Nature provides inspiration for soft robot designVeikko Sariola has recently started as Assistant Professor at TUT’s Department of Automation Science and Engineering. He is eager to find out what nature could teach us about robotics. We can find pearls of wisdom by studying octopi or the foot hair of a gecko, for example.
The field of professorship of Veikko Sariola, a newly appointed Assistant Professor at TUT, is bio-MEMS in cell and tissue engineering.
“In my research at TUT, I aim to bring robotics and cell and tissue engineering closer together. To an increasing extent, robots will look like animals and borrow nature’s best ideas about materials, structures and intelligence. On the other hand, we will be able to understand and control cells with similar methods we apply to robots today. Artificial intelligence will revolutionize cell and tissue engineering once we learn how to model, predict and control cell behaviour in different conditions,” Sariola explains.
“My contribution to TUT will be interdisciplinary expertise at the interfaces of electrical engineering, bioscience and medicine, control engineering and materials science. My specialties include microfabrication, measurement technologies and control engineering. During this coming academic year, I will teach courses on microsystems, microactuators and microfluidics.”
Veikko Tapani Sariola (b. 1982 in Helsinki)
- Master of Science in Technology 2007, Helsinki University of Technology
- Doctor of Science in Technology 2012, Aalto University
Key work history:
- Visiting Scholar, Carnegie Mellon University, United States, 2013–2015
- Post-Doctoral Researcher, Aalto University, Department of Automation and Electrical Engineering, 2012–2016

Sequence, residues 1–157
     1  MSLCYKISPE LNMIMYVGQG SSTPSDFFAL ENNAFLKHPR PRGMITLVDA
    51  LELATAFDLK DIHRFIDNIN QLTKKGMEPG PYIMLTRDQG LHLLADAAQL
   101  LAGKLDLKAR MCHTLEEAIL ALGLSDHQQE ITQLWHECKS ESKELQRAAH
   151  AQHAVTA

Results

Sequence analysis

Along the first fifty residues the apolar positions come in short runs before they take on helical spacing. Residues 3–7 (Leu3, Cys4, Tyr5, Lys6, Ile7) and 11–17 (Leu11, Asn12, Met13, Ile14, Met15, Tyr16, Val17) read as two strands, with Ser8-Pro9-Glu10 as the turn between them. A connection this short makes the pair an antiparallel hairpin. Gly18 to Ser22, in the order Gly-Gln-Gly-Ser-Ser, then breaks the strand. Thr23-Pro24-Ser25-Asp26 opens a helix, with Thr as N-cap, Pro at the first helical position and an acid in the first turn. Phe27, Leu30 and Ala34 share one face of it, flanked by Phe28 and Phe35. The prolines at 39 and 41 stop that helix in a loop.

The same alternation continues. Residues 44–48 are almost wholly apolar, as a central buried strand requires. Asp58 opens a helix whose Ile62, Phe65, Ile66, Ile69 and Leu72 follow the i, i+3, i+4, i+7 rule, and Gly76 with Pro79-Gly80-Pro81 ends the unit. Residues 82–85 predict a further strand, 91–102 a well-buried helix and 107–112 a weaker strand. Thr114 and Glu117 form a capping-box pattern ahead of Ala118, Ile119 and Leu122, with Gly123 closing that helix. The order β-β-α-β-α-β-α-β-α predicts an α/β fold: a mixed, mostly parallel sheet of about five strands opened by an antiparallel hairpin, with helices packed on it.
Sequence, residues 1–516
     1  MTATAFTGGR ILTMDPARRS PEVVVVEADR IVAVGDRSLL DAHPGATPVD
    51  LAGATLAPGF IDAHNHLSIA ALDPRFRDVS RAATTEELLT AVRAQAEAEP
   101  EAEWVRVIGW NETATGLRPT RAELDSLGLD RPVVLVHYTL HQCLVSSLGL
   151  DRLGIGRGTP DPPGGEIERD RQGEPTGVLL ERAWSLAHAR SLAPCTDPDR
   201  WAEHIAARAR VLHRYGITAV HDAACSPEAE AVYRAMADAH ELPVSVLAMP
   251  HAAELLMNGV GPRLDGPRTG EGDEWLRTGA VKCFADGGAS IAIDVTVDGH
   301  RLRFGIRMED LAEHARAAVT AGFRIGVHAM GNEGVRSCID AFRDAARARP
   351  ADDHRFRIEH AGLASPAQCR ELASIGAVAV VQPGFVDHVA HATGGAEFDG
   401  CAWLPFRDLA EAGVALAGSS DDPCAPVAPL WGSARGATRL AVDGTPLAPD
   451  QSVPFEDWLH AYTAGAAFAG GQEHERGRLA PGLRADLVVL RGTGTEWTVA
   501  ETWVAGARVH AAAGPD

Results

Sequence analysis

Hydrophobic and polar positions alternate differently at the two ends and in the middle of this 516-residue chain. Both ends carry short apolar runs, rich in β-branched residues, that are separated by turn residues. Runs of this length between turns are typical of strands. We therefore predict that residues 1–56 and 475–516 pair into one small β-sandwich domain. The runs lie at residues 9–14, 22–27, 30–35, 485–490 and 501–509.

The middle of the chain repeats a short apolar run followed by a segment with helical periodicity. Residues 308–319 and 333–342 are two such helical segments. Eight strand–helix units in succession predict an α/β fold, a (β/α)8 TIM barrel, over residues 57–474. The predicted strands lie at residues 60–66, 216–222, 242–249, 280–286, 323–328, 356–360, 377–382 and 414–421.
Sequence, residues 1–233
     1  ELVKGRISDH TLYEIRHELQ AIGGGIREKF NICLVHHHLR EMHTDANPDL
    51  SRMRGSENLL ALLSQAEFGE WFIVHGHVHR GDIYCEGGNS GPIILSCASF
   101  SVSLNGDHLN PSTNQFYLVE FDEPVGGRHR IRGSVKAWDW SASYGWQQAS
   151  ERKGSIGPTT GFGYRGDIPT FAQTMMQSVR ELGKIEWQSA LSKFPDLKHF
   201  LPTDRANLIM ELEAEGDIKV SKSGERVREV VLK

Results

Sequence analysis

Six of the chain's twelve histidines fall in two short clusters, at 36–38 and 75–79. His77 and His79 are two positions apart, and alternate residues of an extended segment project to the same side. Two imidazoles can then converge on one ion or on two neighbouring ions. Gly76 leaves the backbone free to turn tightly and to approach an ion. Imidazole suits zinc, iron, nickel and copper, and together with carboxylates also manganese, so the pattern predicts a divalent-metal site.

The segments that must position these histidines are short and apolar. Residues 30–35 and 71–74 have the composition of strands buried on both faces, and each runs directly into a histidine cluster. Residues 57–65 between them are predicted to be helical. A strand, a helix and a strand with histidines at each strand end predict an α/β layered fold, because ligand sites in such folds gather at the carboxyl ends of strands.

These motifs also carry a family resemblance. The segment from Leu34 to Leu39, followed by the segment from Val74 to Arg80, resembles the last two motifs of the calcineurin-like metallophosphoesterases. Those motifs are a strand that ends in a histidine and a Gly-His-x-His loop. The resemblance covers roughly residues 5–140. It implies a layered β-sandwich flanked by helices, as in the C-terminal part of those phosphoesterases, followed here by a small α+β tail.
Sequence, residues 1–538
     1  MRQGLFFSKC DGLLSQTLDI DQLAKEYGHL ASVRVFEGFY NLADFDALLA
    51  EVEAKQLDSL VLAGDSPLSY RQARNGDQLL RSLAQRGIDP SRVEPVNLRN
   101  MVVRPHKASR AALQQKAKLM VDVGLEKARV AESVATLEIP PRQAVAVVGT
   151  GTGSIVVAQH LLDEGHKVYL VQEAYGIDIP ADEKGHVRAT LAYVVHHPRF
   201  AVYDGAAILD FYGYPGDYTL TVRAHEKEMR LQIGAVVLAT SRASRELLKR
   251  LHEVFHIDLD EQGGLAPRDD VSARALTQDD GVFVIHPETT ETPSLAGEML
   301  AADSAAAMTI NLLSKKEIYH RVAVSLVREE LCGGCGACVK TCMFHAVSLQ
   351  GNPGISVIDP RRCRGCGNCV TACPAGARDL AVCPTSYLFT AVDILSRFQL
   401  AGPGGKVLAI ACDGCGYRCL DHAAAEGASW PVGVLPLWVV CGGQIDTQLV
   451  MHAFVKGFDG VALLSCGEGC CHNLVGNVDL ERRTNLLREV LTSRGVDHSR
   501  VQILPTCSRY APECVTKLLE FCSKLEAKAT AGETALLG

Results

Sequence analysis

- Doctoral Student, Aalto University, Department of Automation and Electrical Engineering, 2007–2012
- Research Assistant, Helsinki University of Technology, Systems Analysis Laboratory, 2004–2007
- Software Developer, 1999–2003
Family and hobbies: Wife and three small children. At leisure, I read.
Agile like octopus, sticky like mussels
In addition to the professorship, Veikko Sariola’s new endeavours this autumn include a five-year term as an Academy Research Fellow.
“My topic is bioinspired materials and sensors for soft robots. The future applications of these robots lie in medicine,” Sariola says.
As the name reveals, soft robots are robots made of soft, rubber-like materials – similarly to animals that are composed of soft tissue. Since they are soft, they are safe and cause no damage to humans when used in surgery, implants or prostheses, for example. Nature offers researchers with endless inspiration when it comes to copying materials on a molecule level or mimicking macroscopic structures.
“Let’s take the octopus, for example. Since they have almost nothing hard in their bodies, they can squeeze through the tiniest of holes. How could we copy this attribute to a robot surgeon? Or how about moist conditions, such as water or the human body, where most adhesives do not stick at all. Mussels are able to stick tightly to ship bottoms. How could we mimic this ability in a robot?”
Earlier in his career, Sariola has studied surface tension phenomena in microsystem assembly and adhesive surfaces inspired by the foot hair of a gecko.
“The foot hair of a gecko has a peculiar, tree-like structure. Looking with an electron microscope, the surface of the foot looks a bit like forest. It is thanks to this structure that geckos are able to climb walls or hang from the ceiling upside down. Researchers are intrigued by such a structure as it provides inspiration for designing materials that stick firmly to surfaces but also come off easily as needed. These features could greatly benefit a robot climbing a wall or picking up objects.”
We already possess a lot of information about many of nature’s interesting phenomena, but there are still few related commercial applications. According to Veikko Sariola, TUT is a great place for novel research.
“I enjoy the casual atmosphere and the light hierarchy that enable the creation of new ideas and collaborations. TUT also sets a great example when it comes to commercializing research results.”